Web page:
Dual Writes – The Unknown Cause of Data Inconsistencies

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Since a lot of new applications are built as a system of microservices, dual writes have become a widespread issue. They are one of the most common reasons for data inconsistencies. To make it even worse, I had to learn that a lot of developers don’t even know what a dual write is.

Open on Twitter: https://twitter.com/thjanssen123/status/1219621504532525057

Dual writes seem to be an easy solution to a complex problem. If you’re not familiar with distributed systems, you might even wonder why people even worry about it.

That’s because everything seems to be totally fine … until it isn’t.

So, let’s talk about dual writes and make sure that you don’t use them in your applications. And if you want to dive deeper into this topic and learn various patterns that help you to avoid this kind of issue, please take a look at my upcoming Data and Communication Patterns for Microservices course.

What is a dual write?

A dual write describes the situation when you change data in 2 systems, e.g., a database and Apache Kafka, without an additional layer that ensures data consistency over both services. That’s typically the case if you use a local transaction with each of the external systems.

Here you can see a diagram of an example in which I want to change data in my database and send an event to Apache Kafka:

As long as both operations are successful, everything is OK. Even if the first transaction fails, it’s still fine. But if you successfully committed the 1st transaction and the 2nd one fails, you are having an issue. Your system is now in an inconsistent state, and there is no easy way to fix it.

Distributed transactions are no longer an option

In the past, when we build monoliths, we used distributed transactions to avoid this situation. Distributed transactions use the 2 phase commit protocol. It splits the commit process of the transaction into 2 steps and ensures the ACID principles for all systems.

But we don’t use distributed transactions if we’re building a system of microservices. These transactions require locks and don’t scale well. They also need all involved systems to be up and running at the same time.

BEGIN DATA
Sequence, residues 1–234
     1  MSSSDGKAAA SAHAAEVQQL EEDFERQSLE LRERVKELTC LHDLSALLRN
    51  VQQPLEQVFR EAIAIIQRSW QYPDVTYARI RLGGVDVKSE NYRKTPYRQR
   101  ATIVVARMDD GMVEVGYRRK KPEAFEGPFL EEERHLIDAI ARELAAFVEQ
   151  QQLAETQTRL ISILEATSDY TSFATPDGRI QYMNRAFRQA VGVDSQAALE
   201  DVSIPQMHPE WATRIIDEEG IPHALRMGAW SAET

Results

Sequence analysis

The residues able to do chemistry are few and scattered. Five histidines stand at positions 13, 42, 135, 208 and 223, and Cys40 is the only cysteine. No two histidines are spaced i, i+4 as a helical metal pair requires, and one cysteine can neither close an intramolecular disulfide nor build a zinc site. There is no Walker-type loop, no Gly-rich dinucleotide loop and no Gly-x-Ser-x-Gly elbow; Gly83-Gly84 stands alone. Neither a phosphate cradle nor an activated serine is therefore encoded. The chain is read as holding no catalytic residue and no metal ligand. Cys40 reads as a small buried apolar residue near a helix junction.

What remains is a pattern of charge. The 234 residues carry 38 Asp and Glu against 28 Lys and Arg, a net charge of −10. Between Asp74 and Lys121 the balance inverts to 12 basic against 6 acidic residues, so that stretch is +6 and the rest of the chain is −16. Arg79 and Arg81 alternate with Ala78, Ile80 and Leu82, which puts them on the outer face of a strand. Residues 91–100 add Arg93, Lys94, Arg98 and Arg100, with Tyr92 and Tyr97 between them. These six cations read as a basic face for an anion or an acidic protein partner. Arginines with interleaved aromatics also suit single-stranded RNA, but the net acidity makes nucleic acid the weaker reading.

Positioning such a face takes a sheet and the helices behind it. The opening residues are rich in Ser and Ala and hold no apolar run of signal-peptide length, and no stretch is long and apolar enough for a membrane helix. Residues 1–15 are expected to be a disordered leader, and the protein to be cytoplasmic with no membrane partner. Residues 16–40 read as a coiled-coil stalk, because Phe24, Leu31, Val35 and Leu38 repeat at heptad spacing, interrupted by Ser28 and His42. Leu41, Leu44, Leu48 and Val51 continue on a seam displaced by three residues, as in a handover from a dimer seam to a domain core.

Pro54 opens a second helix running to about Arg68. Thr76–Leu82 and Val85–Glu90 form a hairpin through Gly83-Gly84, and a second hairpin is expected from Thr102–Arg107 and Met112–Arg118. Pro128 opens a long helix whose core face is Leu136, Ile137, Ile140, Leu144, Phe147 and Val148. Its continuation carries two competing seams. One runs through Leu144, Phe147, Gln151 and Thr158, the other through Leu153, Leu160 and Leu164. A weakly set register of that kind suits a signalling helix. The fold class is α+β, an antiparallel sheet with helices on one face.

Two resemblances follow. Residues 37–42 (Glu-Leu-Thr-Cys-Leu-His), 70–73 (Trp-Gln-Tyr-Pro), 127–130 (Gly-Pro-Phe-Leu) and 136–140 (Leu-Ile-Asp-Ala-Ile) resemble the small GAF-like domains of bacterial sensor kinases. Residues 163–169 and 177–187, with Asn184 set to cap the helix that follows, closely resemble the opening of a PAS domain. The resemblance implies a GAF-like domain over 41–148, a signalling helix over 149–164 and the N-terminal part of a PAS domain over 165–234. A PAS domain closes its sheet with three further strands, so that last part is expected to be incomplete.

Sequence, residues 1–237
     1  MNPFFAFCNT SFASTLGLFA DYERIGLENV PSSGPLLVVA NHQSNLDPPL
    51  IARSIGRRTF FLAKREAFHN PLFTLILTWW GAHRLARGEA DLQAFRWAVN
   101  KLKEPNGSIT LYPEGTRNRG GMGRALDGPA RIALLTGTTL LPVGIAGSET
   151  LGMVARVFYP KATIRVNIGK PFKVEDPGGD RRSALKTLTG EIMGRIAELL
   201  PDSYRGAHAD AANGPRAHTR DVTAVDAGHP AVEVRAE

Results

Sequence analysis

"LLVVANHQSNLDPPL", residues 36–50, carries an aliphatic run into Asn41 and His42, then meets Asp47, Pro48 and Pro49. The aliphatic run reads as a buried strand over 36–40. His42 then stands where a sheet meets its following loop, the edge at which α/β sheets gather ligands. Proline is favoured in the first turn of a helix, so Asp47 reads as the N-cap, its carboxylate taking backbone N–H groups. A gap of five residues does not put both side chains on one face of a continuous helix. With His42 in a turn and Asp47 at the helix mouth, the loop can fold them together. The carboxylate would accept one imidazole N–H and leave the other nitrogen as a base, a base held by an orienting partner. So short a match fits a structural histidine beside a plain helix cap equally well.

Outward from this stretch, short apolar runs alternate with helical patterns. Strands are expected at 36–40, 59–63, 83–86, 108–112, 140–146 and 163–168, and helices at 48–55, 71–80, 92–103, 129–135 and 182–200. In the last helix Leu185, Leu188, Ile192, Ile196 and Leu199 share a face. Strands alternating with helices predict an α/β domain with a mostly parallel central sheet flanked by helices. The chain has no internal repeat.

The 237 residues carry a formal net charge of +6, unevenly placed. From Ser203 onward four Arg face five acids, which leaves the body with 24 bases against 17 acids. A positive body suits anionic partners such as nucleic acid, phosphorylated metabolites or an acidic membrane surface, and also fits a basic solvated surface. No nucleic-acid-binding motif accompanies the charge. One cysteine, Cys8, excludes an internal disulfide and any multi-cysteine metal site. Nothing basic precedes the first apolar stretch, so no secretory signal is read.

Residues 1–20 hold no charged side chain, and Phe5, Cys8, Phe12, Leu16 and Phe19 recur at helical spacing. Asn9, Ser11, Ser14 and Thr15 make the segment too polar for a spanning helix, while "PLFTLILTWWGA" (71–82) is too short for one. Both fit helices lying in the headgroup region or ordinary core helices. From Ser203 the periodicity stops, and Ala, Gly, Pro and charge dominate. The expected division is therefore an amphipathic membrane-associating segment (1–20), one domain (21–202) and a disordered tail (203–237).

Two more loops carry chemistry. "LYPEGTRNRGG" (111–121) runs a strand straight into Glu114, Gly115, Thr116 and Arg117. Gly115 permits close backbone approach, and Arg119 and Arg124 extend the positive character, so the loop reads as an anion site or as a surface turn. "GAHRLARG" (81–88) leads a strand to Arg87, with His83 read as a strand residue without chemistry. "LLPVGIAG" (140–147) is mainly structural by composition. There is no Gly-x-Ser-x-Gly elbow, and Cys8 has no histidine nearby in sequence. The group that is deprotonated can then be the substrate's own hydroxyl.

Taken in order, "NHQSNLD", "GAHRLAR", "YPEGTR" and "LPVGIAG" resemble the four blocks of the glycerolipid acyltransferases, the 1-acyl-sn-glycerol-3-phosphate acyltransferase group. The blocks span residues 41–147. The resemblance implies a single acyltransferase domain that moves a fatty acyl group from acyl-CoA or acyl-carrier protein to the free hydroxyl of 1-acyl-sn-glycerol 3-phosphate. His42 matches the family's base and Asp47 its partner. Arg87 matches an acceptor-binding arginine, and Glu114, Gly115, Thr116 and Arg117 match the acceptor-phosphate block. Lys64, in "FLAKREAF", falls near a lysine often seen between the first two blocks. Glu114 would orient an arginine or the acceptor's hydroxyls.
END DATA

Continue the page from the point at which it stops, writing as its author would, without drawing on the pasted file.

So what shall you do instead?

3 “solutions” that don’t work

When I discuss this topic with attendees at a conference talk or during one of my workshops, I often hear one of the following 3 suggestions:

  1. Yes, we are aware of this issue, and we don’t have a solution for it. But it’s not that bad. So far, nothing has happened. Let’s keep it as it is.
  2. Let’s move the interaction with Apache Kafka to an after commit listener.
  3. Let’s write the event to the topic in Kafka before you commit the database transaction.

Well, it should be obvious that suggestion 1 is a rather risky one. It probably works most of the time. But sooner or later, you will create more and more inconsistencies between the data that’s stored by your services.

So, let’s focus on options 2 and 3.

Post the event in an after commit listener

Publishing the event in an after commit listener is a pretty popular approach. It ensures that the event only gets published if the database transaction was successful. But it’s difficult to handle the situation that Kafka is down or that any other reason prevents you from publishing the event.

You already committed the database transaction. So, you can’t easily revert these changes. Other transactions might have already used and modified that data while you tried to publish the event in Kafka.

You might try to persist the failure in your database and run regular cleanup jobs that seek to recover the failed events. This might look like a logical solution, but it has a few flaws: